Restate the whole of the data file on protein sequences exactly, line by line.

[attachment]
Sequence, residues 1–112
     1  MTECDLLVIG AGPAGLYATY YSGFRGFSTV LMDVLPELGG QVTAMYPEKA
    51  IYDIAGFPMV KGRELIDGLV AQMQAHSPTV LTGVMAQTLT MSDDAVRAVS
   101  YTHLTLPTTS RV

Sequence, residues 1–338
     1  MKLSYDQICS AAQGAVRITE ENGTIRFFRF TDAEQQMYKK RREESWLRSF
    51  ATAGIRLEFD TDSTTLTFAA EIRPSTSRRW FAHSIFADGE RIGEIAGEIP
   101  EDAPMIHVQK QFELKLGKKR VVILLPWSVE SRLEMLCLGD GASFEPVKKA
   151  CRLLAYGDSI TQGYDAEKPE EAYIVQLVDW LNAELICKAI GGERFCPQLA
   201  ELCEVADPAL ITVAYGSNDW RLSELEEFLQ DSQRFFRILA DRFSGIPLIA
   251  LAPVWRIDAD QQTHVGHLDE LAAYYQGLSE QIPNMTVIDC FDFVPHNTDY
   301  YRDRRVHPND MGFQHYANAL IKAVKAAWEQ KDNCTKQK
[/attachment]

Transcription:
Sequence, residues 1–112
     1  MTECDLLVIG AGPAGLYATY YSGFRGFSTV LMDVLPELGG QVTAMYPEKA
    51  IYDIAGFPMV KGRELIDGLV AQMQAHSPTV LTGVMAQTLT MSDDAVRAVS
   101  YTHLTLPTTS RV

Sequence, residues 1–338
     1  MKLSYDQICS AAQGAVRITE ENGTIRFFRF TDAEQQMYKK RREESWLRSF
    51  ATAGIRLEFD TDSTTLTFAA EIRPSTSRRW FAHSIFADGE RIGEIAGEIP
   101  EDAPMIHVQK QFELKLGKKR VVILLPWSVE SRLEMLCLGD GASFEPVKKA
   151  CRLLAYGDSI TQGYDAEKPE EAYIVQLVDW LNAELICKAI GGERFCPQLA
   201  ELCEVADPAL ITVAYGSNDW RLSELEEFLQ DSQRFFRILA DRFSGIPLIA
   251  LAPVWRIDAD QQTHVGHLDE LAAYYQGLSE QIPNMTVIDC FDFVPHNTDY
   301  YRDRRVHPND MGFQHYANAL IKAVKAAWEQ KDNCTKQK